Without mince of words, Nigerian citizens since creation have always been juxtaposed with animals willy-nilly. Because of the three of them adorning our coat of arms, perhaps. But topping the list are the beautiful animal-themed monikers we have bestowed on our national sports squads – Eagles and Falcons, in football and Tigers and Tigresses in basketball, etc.
However, our citizenry have also often been despicably compared with animals in the jungles and zoos of this world. Depending on the whims and caprices of the definers. For this, one only needs to eavesdrop on the altercation between motorists in a road rage in any typical Nigerian city. Often the monkey is the best name one can call the other to prevail. Which, invariably, is much better to be called than a chimp or orangutan, for instance.
Sad as it sounds – and is – it does appear to be the only reason it’s slowly becoming apparent that Nigeria is presently transmogrifying into an outright farm of animals. As in becoming a place where, other than being reared in cages, the wild and, or game reserves, amounts to all of living on freehold in all the 923,768 square kilometres of our territory. Often our very leaders are even characterised as beasts – as though those international leaders Fela Kuti said were nationless hitherto have finally come here to roost.
Fela apart, there’s no doubt that Nigeria must have been farthest on their minds when Secker and Warburg published George Orwell’s Animal Farm: A Fairy Tale in London, England on the 17th day of August, 1945. But as time would have it, today, some Seventy-Eight odd years later, all the oddities that transpired in that slim masterpiece are currently playing out in this nation – wholesale and piecemeal.
Like is well known, Orwell’s avowed effort to fuse political and artistic purposes ‘into one whole’ was in mimicry of the old Soviet Union. A stance that worked against the book’s acceptance by Westminster on account of their World War II alliance with the USSR. Any wonder then that it took the Cold War regime for the book to come on its own.
Enough for preambles.
Now it appears past and present situations in Nigeria very much refer to what transpired in that book. What with the leader who took over after the military coup d’etat that toppled our First Republic upon independence taking the title of Supreme Commander. The selfsame title was taken by the pig Napoleon, the head of Orwell’s Animal Farm, after the consolidation of power.
Coincidentally, it was upon the assumption of a similar title that the leader of a separatist dot in the county’s circle termed Nigeria a zoo. And so when subsequently a topnotch campaigner for the present regime adumbrated their ascendency to the maturity of jungle justice, only a few were amazed. What with the way and manner they went about it. Much like their principal professed, they virtually seized, grabbed and sped home with it!
Presently, the vicarious efforts by the agents of the supposedly humanoids on our throne of power are not turning out any better. Their undying effort to widen the tax net unapologetically aligns to what happened in Animal Farm after the Battle of the Cowshed.
Like Napoleon denying that Boxer, the indefatigable warrior, was only taken away in a labelled knacker’s van because the veterinary clinic that bought it over hadn’t had time to rebrand it. Meanwhile, the old war horse was only sold to allow the commander and his inner circle more money for whiskey.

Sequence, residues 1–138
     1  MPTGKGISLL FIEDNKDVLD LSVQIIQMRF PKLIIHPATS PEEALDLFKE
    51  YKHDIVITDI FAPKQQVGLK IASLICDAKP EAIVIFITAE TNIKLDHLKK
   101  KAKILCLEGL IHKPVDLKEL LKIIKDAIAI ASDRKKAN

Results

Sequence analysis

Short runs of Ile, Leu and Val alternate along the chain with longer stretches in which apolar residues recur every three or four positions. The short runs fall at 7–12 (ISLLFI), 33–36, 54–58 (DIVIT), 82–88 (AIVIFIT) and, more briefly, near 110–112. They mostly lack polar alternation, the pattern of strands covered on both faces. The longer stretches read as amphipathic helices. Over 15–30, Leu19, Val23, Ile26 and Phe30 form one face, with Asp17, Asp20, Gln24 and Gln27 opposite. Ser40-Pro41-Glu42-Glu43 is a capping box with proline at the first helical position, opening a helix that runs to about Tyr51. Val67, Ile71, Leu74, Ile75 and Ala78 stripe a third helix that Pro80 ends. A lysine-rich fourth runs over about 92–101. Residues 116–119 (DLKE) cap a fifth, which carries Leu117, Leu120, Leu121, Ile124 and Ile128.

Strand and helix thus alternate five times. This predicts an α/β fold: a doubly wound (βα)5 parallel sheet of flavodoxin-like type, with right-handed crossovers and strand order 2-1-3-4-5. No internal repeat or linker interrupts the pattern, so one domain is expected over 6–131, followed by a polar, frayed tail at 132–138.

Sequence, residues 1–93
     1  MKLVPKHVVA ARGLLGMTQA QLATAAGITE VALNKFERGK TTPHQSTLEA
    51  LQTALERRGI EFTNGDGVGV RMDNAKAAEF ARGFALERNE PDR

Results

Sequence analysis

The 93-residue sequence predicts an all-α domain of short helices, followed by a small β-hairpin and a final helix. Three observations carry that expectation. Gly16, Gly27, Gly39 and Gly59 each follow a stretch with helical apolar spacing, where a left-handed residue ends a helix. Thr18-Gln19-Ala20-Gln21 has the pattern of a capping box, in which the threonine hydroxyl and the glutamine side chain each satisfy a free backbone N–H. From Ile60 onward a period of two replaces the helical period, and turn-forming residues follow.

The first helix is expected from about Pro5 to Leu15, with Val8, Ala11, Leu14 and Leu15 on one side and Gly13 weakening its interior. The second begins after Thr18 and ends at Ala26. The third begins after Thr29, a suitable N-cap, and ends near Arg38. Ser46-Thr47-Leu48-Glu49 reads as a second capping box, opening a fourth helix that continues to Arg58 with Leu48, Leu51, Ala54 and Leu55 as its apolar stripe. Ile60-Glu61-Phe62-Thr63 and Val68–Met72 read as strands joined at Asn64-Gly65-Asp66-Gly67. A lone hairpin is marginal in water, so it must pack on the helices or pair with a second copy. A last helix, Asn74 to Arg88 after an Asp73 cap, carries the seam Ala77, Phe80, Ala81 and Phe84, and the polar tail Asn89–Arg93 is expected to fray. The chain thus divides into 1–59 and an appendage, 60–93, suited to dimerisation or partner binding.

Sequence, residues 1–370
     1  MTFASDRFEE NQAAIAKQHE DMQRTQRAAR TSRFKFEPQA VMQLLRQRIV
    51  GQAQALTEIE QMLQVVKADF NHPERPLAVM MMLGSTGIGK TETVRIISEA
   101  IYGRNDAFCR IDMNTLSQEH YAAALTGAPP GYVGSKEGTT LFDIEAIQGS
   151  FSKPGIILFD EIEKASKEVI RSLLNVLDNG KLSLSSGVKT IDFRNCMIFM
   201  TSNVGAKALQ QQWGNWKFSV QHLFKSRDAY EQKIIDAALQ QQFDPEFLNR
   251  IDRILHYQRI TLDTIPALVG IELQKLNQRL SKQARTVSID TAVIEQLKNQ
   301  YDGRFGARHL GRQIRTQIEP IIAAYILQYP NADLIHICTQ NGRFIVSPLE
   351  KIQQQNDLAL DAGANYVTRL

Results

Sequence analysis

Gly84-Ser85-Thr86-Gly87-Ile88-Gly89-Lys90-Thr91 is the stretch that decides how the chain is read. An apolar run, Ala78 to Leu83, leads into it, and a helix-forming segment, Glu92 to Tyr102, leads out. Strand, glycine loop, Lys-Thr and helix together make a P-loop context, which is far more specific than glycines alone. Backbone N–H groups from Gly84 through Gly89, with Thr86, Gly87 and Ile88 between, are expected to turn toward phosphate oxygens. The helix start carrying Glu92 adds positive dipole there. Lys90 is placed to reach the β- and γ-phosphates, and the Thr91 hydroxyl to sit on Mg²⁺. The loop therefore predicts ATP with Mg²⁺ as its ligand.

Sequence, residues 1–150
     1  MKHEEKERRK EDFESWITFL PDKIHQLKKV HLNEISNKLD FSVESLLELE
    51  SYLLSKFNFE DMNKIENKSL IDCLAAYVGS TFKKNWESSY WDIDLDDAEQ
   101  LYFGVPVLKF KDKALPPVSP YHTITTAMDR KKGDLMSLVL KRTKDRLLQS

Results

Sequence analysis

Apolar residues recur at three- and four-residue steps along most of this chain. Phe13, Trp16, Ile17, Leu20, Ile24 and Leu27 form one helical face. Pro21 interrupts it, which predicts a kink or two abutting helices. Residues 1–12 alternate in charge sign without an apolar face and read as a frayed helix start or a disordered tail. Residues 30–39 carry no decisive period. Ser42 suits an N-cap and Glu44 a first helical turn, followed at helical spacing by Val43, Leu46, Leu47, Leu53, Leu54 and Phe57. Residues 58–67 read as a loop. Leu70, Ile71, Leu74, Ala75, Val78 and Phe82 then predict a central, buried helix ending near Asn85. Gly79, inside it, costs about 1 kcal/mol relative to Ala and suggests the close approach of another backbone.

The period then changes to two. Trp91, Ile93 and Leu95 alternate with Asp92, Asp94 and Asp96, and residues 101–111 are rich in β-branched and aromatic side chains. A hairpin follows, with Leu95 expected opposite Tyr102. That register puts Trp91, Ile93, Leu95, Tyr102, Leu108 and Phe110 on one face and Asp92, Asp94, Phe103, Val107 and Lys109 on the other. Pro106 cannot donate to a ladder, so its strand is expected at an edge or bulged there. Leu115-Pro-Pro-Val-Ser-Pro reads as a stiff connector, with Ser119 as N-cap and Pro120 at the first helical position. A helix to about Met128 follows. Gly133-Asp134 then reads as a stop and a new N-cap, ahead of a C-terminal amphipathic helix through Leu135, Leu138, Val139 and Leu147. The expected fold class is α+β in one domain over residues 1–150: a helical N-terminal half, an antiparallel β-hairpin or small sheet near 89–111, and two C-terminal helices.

This in no way implies anything about the most recent removal of the little subsidy the government pays on Prime Motor Spirit (PMS) in the country. However, it rings true that the move’ll unabashedly leave more money in government coffers. And with hindsight, most of such had in the past often been spent on things more ridiculous to humans than whiskey is to pigs.
Yes, some proverbs are supposedly anathema to people of faith; yet, same elders buttress that there’s no better advertisement for the taste of the turd than the smell of its predecessor flatulence. Every adult of voting age in the country is yet to forget, let alone forgive, the aberrations that came to play in the last presidential elections. A development that will – save one is an unmitigated sycophant of theirs – dog those elected via it even after their abridged or completed tenures, whichever comes to fruition first.
If all animals – human beings inclusive – ought to be equal, then they should not just remain so. The government in power owes all and sundry a duty of endeavouring to make it to be seen to be so in both intent and purpose. By all means, they are supposed to defend every content of the constitution which they climbed to power with. And this without regard to who voted or did not vote for them.
But what do we find? Like the skewered percentage equation of their predecessors, they have managed to unbalance the appointment of federal ministers for one. While some geopolitical zones have as many as three per state, at least one has only one per each. An aberration that once more calls up the old debate about the disparity in the number of states in each of these zones.
The question remains what the reason behind this initial anomaly is. Mostly given that it dates back to when these states were originally created. Propping up the question whether those from that zone also needed to vote for the military regimes that created the states in the first place. Much as this is often hard to say, the marginalisation being meted out to one in a group often translates to a judgement being passed on the rest. Talk of the rest of the fingers pointing back at one even as one points just one forward.
Finally, down to specifics, it does appear that certain animal types in Orwell’s book are now manifesting here. Like Moses the tame raven, telling tales about Sugarcandy Mountain and doing no work at all.